ever experienced since she was a nation (Daniel 12:1) in the period of time known as the
birthpangs of the Messiah, the Yamim Nora'im, or the tribulation. The tribulation
and the birthpangs of the Messiah are one and the same thing. What we are seeing in these
days is the woman (Israel) becoming larger and larger, coming closer and closer to the
time when she is about to give birth.
Opening of the Gates
gates of Heaven are opened on Rosh HaShanah so the righteous nation may enter
(Isaiah [Yeshayahu] 26:2; Psalm [Tehillim] 118:19-20). Because the gates
of Heaven are understood to be open on Rosh HaShanah, this is further evidence
that the (natzal) of the believers in the Messiah
Malki Tzedik Yahusha will
take place on Rosh HaShanah.
Hashanah: The Wedding of the Messiah
Bible is a marriage covenant. Both the Tanach (Old Testament) and the
Hadashah (New Testament) describe how YHWH through the
the Bridegroom, is in the process of marrying His bride, the believers in Him who will
ultimately live and dwell with Him forever.
ordained and established marriage and its divine sanctity in the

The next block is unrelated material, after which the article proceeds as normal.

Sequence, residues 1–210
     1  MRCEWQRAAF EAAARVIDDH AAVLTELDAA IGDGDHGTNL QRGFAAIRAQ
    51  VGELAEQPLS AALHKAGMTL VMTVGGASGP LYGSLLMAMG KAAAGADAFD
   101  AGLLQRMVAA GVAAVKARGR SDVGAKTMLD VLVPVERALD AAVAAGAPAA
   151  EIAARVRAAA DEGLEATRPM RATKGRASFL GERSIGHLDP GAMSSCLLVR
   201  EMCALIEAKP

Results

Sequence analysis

Torah, the very
first book of the Bible, Genesis (Bereishit), when He brought Adam and Eve
together to become one flesh (Genesis 2:21-24). In doing so, we have a vivid foreshadowing
of the Messiah being married to those who would believe upon Him. Let's examine this
is a type of the Messiah Malki Tzedik Yahusha. Adam was made after the likeness of
Malki Tzedik Yahusha
(Romans 5:14). Malki Tzedik Yahusha (Jesus) was made in the likeness of Adam (Philippians 2:8).
In fact, Malki Tzedik Yahusha is called the last Adam (1 Corinthians 15:45-47). In Genesis
2:21, YHWH had a deep sleep fall upon Adam. Sleep is synonymous with death (Daniel 12:2;
John [Yochanan] 11:11-14; 1 Corinthians 15:51-54; Ephesians 5:14). The deep sleep
that YHWH caused to fall upon Adam is a picture of the crucifixion and death of
Malki Tzedik Yahusha,
as Messiah ben Joseph. YHWH brought a deep sleep upon Adam so He could take a rib
from the side of his flesh. This required the shedding of blood. This is a picture of
Malki Tzedik Yahusha
who was pierced in the side of His flesh, shedding His own blood when He hung on the tree
(John [Yochanan] 19:34).
the rib of Adam, YHWH made Eve. Likewise, by the death of
Malki Tzedik Yahusha and faith (emunah)
in Him, YHWH established the assembly of believers known in Hebrew as the
The believers in the Messiah, His bride, become wedded to Him by faith (emunah).